Founded by Ireland’s High King Turlough O ‘Conner as early as the twelfth century Cong Abbey was constructed on the original site of a sixth century church associated with St. Feichin.  It is one of the finest examples of early archaeological buildings.  During its tenure it acted as a hospital for the ill, a shelter for starving poor: but of more importance as a learning centre for scholars.  A fishing house in the grounds constructed over the River Cong with a trapdoor in the floor allowed monks to fish safely while a fire provided comfort during the long hours.  [vi]

Ruins of a twelfth century Augustinian Abbey in Cong village founded by the High King of Ireland during the twelfth century are the finest examples of ecclesiastical foundations. Constructed on the site of a former church associated with St. Feichin during the sixth century. Cong  Abbey once housed three thousand inhabitants of excellent scholars & skilled craftsmen.  It was the site where the last High King of Ireland passed away. [vii]

Monastic Complex

Cong Abbey was established by St. Feichin during the seventh century on the site of an earlier monastery.  The monastic complex was constructed by the King of Connaught Turlough O ‘Connor then dedicated to St. Augustine.  Following extensive refurbishment over the years & renowned as an excellent learning centre.  Several buildings remain this century including the following: Chapter House also remains of the cloister with a monks fishing house. This site features a video of the abbey. [viii]

Circa 1010 Cong was the seat of a bishopric.  Ruins of the monastic complex survive today of a twelfth century Abbey of St. Augustine.  The building suffered severely over the years but endured to become a wealthy treasured trove with an artifact ‘The Cross of Cong’  described  (page 44)   The Annals of the Four Masters recorded the demise of Muireadhach Ua Dubhthaigh.  The last High King of Ireland’s demise at the abbey during 1198.  Information from Irish Pictures Drawn with Pen & Pencil 1888 Chapter V11: Connemara by Richard Lovell. [ix]

Cenobic Monks

Cong Abbey was established during 1135 by King Turlough O ‘Connor on a site previously occupied by St. Feichin’s Monastery.  Three thousand resident Cenobic Monks studied poetry, music, history, sculpture also illumination of manuscripts or books. Monks were skilled craftsmen in metalwork, engraving with the manufacture of harps.  Several architectural artifacts at the abbey survive i.e. clustered pillars, standing columns, floral capitals, arches also Romanesque doors.  The abbey was attacked then rebuilt several times in its history. The building was a shelter for the destitute also a hospital for the ill. (9th February 2021) [x]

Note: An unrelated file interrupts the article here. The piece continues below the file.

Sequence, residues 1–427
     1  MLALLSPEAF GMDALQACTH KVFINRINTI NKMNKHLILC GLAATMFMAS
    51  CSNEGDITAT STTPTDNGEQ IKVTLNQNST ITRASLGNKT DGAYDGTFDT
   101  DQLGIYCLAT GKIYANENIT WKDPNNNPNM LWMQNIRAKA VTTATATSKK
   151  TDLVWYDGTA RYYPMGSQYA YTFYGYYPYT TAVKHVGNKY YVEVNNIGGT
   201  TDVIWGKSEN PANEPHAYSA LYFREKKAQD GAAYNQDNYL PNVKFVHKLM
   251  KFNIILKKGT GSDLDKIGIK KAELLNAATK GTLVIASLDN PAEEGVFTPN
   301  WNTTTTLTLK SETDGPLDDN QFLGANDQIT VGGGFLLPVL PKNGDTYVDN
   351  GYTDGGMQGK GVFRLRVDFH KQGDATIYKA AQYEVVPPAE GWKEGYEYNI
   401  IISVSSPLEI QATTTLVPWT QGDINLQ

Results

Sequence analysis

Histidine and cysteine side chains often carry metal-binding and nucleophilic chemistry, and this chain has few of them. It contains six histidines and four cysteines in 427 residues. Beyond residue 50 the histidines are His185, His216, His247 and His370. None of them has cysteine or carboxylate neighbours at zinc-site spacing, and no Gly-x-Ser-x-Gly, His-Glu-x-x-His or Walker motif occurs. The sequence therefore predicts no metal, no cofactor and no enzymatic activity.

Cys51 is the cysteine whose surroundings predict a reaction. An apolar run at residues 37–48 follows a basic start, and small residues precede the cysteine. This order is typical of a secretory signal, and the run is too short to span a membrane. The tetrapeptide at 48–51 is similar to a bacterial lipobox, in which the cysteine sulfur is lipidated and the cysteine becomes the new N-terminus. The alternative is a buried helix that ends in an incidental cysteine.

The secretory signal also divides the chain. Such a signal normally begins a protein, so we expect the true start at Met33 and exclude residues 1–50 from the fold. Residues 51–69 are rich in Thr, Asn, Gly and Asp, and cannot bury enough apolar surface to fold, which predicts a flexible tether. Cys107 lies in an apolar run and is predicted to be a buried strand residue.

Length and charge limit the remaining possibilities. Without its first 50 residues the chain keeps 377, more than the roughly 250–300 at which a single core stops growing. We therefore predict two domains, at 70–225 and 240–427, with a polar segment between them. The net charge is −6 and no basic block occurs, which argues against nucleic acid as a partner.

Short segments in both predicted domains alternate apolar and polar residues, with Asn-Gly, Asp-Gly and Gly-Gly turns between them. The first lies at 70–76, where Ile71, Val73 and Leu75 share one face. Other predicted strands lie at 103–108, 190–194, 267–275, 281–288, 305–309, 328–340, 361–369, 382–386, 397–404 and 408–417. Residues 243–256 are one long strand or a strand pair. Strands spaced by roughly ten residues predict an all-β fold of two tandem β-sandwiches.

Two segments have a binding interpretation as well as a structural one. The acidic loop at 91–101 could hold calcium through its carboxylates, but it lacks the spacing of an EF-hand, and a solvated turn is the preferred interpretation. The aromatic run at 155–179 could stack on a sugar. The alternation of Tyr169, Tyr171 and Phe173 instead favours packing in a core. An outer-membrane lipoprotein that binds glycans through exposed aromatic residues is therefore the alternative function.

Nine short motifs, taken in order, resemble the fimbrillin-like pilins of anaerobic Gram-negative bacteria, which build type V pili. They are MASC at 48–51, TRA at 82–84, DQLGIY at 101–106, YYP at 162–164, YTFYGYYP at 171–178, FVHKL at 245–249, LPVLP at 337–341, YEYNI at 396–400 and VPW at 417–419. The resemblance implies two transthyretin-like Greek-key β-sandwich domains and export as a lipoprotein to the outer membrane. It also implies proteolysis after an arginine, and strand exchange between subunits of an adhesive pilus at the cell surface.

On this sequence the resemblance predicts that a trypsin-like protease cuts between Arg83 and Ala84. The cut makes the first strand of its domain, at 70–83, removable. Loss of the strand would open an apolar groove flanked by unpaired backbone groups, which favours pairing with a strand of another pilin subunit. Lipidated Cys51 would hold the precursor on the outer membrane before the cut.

This early Cong Monastery was founded by Domnal son of Aodh during 624.  The building became a Diocesan Cathedral in 1111 however that burnt down during 1114.  It was re – founded during 1134 (?) as an Augustinian Canons Regular by Turlough O ‘Conor.  The building burnt again in 1137.  Circa 1140 a new monastery was constructed by Turlough’s son Rory as Augustinian Canons Regular – Arroisian Adopted.  Dissolvement occurred possibly during 1568.  Building was granted during 1571 to William Collier, then in 1597 to the town of Athenry.  [xi]

Last Abbot

This national monument of Cong Abbey was also known as the Royal Abbey of Cong.  The ruins of the former abbey have several fine architectural features that date back to the thirteenth century.  St. Feichin built a church at the site during the seventh century.  A building constructed on the site was burnt down during 1114.  Cong Abbey was established by Turlough Mor O ‘Conner.  Further destroyed in 1137 but rebuilt by him.  During 1138  the abbey was re-founded as an Augustinian settlement.  Turlough Mor O ‘Conner’s son also Ireland’s last High King Ruaidri Ua Conchobair constructed new buildings on the site. The Annals of the Four Masters  recorded that the Archbishop of Connaught Muireadhach Ua Dubhthaigh (aged seventy-five) demise occurred at Cong during 1151.  His name was inscribed in the Cross of Cong.  This Cong Abbey was rebuilt following an attack by William de Burgh during 1203.  Reconstructed further & dedicated in 1307 to St. Mary.   Further suppression occurred during 1542: several years later the building fell into ruins.  Fr. Patrick Prendergast P. P. Cong was the last Abbot.  He was custodian of the Cross of Cong: following his demise the cross was sold to the Royal Irish Academy by James Mc Cullagh.  [xii]

Additional Information

The monks fishing house at Cong is referenced at this site: ( [assessed 12th February 2021]

A PDF is available at Mayo County Library of the Irish Tourist Association Survey 1945  at this link:

References to Cong Abbey are in the following publications:

The Annals of the Four Masters  (Corpus of Electronic Texts CELT ) at UCC (22 April 2014 ) [xiii]

Stokes Margaret Early Church Art in Ireland  1887-1894  Part 1 1887 (Chapman & Hall Ltd)   [xiv]

Scott Robert 2017 Around & about Cong (Kinlough Press) (page 11):

Wilde Sir W. 1867 Lough Corrib (McGlashan & Gill  Dublin) (page 181):

Information of the Cross of Cong may be viewed at this site:

A further reference to the Cross of Cong reports on the wonderful tale of  Patriot Priest Fr. Pat Lavelle’s unsuccessful attempt to rescue the Cross of Cong from Dublin for his parishioners.  It may be viewed at this link:

As one climbs the steps at the entrance then enters the monastic complex a recess on right of the door to cloister once housed the original Cross of Cong under the Abbot’s protection. (NBC)


[i] Cong Abbey, Mayo (,%20Mayo.html) [Assessed 12th February 2021]

[ii] Cong Abbey ( [Assessed 12th February 2021]

[iii] Ibid

[iv] Cong ( [Assessed 12th February 2021]

[v] [Assessed 12th February 2021]

[vi] Cong Abbey ( [Assessed 12th February 2021]

[vii] Visit Cong Abbey ( [Assessed 12th February 2021]

[viii] Cong Abbey Co Mayo ( [Assessed 12th February 2021]

[ix] Cong Abbey ( [Assessed 12th February 2021]

[x] Cong Abbey ( [Assessed 12th February 2021]

[xi] List of Monastic Houses( [Assessed 12th February 2021]

[xii] Cong Abbey ( [Assessed 12th February 2021]

[xiii] Ibid

[xiv] Ibid